Engine and performance
The new 2.0-litre engine is called the EcoBlue in Ford parlance. It makes 170PS of power and 420Nm of torque. These fall right in the middle of the older 2.2-litre and 3.2-litre engines. And while the power and torque figures are now lower than the 3.2L engine, it hasn’t hampered performance. Crank it up and the first thing you notice is that this one has a smoother tone. It feels more refined and quieter than the 3.2L. Even the vibrations are better controlled.
Step on the gas and it moves forward a lot smoother than before. This is because the new engine revs more cleanly. The power delivery is a lot cleaner too, which makes overtakes a smother affair. While your daily drive is smoother, the rush of the torque surge is missing. Flooring the throttle doesn't push you back in your seat anymore and that one feeling is missed when you are in the mood. Apart from that, you barely notice the downsizing. On the run too, this engine is a lot quieter. It only gets audible close to 2800rpm. Paired with the new 10-speed automatic, it cruises at 100kmph at just over 1500rpm, making it barely audible inside the cabin.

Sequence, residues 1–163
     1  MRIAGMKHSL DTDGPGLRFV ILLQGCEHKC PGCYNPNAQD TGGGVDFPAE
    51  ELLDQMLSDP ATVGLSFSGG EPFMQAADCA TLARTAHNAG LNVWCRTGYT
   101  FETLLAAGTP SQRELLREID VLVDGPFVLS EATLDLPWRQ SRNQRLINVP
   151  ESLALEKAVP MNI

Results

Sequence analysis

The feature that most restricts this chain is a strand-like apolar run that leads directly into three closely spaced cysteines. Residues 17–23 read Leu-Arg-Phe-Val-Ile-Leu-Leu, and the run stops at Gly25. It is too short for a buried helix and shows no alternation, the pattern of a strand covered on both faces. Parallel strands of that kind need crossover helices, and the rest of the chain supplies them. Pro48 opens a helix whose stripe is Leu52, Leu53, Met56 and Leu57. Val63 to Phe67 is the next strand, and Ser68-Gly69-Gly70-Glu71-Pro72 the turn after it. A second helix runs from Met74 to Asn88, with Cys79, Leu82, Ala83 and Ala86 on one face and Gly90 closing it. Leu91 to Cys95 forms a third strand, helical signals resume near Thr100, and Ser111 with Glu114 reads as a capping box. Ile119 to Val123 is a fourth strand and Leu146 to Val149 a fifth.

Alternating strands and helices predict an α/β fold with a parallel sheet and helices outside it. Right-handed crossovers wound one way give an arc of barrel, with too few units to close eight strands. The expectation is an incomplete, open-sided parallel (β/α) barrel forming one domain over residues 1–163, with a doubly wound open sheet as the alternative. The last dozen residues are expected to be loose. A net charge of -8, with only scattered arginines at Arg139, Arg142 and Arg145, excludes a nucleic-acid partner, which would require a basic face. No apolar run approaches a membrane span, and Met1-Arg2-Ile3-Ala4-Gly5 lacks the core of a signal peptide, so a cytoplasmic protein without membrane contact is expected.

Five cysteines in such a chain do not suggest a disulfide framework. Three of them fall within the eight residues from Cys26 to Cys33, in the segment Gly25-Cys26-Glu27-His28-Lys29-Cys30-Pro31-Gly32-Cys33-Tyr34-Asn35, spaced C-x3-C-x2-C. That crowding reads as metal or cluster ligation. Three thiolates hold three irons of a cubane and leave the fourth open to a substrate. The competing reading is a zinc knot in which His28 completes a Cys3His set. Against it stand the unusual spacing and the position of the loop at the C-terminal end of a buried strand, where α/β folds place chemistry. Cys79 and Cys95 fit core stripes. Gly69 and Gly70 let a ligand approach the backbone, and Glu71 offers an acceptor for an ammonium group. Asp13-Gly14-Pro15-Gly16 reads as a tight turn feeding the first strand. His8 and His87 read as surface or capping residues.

This combination of a smaller engine and a better gearbox helps fuel efficiency as well. The claimed efficiency for the 2.0-litre unit is 13.9kmpl with the 4x2 drivetrain and 12.4kmpl with 4x4. When compared to the older drivetrains, these figures are better than all the automatic variants, However, the manual 2.2-litre variant was more efficient.
The new 10-speed transmission is a smart cookie. Not only are the shifts quick and seamless, but the transmission can skip some gears in between to suit your driving style. If you are leisurely cruising on an empty road, the gearbox can skip from 3rd to 5th, and then to the 7th cog to keep the momentum going without having to shift often. This helps make the drive smoother. It even gets to the 10th gear at 90kmph, which keeps the engine super relaxed and quiet for cruising.